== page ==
By Akanimo Sampson
The commitment of G20 to safeguard people’s jobs and incomes has received a thumb up from the International Labour Organisation (ILO).
G20’s Labour and Employment Ministers made a commitment for “full global cooperation” to safeguard people’s jobs and incomes.
While welcoming the
development, ILO’s Director-General, Guy Ryder, also warned that the current
support measures are not enough.
As the crisis spreads to low and middle income countries, Ryder says
"we will need to do much more to protect workers and support enterprises, because these countries are less prepared for a protracted crisis.
"Otherwise, the combination of large informal economies and low social protection coverage will spell disaster for people and economies. Our aim should be to help these countries support their people, weather the crisis, and to build back better.
"We need global solidarity to support investment in these economies, in their social and environmental renewal, in their people and in the institutions of work that will effectively protect workers and their families.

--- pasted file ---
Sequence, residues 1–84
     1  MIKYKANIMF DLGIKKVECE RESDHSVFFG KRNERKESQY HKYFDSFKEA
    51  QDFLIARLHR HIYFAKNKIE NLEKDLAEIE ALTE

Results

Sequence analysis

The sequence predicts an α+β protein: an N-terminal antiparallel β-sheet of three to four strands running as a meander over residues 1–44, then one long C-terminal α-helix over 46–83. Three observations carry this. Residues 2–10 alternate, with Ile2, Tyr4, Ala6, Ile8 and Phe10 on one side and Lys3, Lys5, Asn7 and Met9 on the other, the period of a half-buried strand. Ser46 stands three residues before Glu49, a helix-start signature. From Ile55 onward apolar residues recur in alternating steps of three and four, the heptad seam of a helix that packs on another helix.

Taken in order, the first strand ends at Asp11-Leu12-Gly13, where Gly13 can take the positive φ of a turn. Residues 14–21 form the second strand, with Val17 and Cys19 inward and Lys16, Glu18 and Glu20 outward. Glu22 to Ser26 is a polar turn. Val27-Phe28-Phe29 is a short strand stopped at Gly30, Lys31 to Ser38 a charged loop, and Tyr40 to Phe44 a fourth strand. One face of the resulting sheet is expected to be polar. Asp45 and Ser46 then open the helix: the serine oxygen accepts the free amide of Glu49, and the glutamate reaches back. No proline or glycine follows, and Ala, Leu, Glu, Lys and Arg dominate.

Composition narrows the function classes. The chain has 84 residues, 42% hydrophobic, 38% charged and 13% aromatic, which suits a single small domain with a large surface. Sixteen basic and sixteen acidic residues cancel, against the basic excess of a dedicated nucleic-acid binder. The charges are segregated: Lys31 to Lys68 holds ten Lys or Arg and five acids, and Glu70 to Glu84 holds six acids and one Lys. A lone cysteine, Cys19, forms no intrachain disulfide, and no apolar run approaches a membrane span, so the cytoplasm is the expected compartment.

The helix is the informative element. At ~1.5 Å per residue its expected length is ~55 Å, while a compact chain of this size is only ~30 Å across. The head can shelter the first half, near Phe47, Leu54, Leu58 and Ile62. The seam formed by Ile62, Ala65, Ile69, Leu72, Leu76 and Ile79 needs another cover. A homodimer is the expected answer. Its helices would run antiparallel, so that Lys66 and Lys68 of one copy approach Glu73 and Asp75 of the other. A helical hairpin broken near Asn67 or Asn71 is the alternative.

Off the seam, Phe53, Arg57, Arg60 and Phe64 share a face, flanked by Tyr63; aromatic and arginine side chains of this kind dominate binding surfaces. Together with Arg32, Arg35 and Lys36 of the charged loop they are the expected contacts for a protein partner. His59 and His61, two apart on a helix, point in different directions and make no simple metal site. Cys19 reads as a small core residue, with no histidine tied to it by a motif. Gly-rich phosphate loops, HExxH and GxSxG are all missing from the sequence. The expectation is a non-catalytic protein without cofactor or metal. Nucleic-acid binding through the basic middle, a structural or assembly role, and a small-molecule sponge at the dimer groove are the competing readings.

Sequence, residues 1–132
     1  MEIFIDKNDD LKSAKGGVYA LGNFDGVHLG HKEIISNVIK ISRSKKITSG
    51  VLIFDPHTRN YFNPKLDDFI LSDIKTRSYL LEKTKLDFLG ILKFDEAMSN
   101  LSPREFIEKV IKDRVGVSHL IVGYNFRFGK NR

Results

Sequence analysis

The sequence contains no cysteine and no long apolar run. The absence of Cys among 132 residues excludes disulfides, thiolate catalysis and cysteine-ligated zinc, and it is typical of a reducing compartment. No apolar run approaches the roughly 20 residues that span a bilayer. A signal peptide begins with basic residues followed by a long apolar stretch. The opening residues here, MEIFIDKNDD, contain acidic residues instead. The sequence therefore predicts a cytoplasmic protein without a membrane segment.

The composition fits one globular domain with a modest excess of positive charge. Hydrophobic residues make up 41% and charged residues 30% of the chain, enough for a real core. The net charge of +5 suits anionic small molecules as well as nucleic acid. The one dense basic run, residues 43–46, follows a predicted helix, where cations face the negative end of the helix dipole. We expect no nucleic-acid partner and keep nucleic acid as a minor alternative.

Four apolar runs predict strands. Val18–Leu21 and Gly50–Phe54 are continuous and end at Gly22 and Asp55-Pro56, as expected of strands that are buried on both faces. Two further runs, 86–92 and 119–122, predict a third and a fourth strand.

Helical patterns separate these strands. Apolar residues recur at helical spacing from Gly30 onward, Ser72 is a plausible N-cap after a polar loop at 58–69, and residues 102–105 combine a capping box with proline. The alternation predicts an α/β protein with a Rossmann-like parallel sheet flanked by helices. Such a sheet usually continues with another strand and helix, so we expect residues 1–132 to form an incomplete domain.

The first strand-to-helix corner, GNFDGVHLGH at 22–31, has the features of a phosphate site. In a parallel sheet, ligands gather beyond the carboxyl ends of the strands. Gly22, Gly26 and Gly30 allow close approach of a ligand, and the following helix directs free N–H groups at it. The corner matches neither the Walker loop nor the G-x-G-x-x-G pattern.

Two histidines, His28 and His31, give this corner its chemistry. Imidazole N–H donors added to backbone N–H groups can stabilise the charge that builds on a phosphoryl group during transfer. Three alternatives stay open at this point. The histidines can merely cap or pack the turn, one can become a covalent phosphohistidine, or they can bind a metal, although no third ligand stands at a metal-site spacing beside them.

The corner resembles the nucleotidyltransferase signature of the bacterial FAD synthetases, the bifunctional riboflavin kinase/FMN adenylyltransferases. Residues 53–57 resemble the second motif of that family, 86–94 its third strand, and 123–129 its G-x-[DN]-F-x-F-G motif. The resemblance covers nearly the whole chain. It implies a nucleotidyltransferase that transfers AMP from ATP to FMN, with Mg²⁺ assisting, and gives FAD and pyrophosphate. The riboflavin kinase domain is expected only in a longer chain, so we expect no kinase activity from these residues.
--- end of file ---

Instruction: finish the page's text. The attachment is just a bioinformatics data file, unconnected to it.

‘’If not, the already large inequalities will widen, poverty will deepen, social progress will be lost and the path towards recovery will be very hazardous.”
In a statement after their virtual Extraordinary Meeting on April 23, the G20 ministers committed themselves to take “in full global cooperation…a human-centred approach to promote employment, bolster social protection, stabilise labour relations and promote the Fundamental Principles and Rights at Work .”
After making his presentation to the meeting, Ryder welcomed the ministers’ endorsement of the importance of social dialogue in creating appropriate, responsive and durable solutions to the pandemic.
“Respecting workers’ fundamental rights and effective dialogue with workers’ and employers’ organisations is the only way to create a solid, equitable, global recovery, and ensure the public support needed to carry the measures through”.
ILO is proposing an integrated four-pillar policy response to the COVID-19 pandemic.
This includes support for the economy and employment; support for enterprises, jobs and incomes; protection for those working during lockdowns and as economies reopen, and the use of social dialogue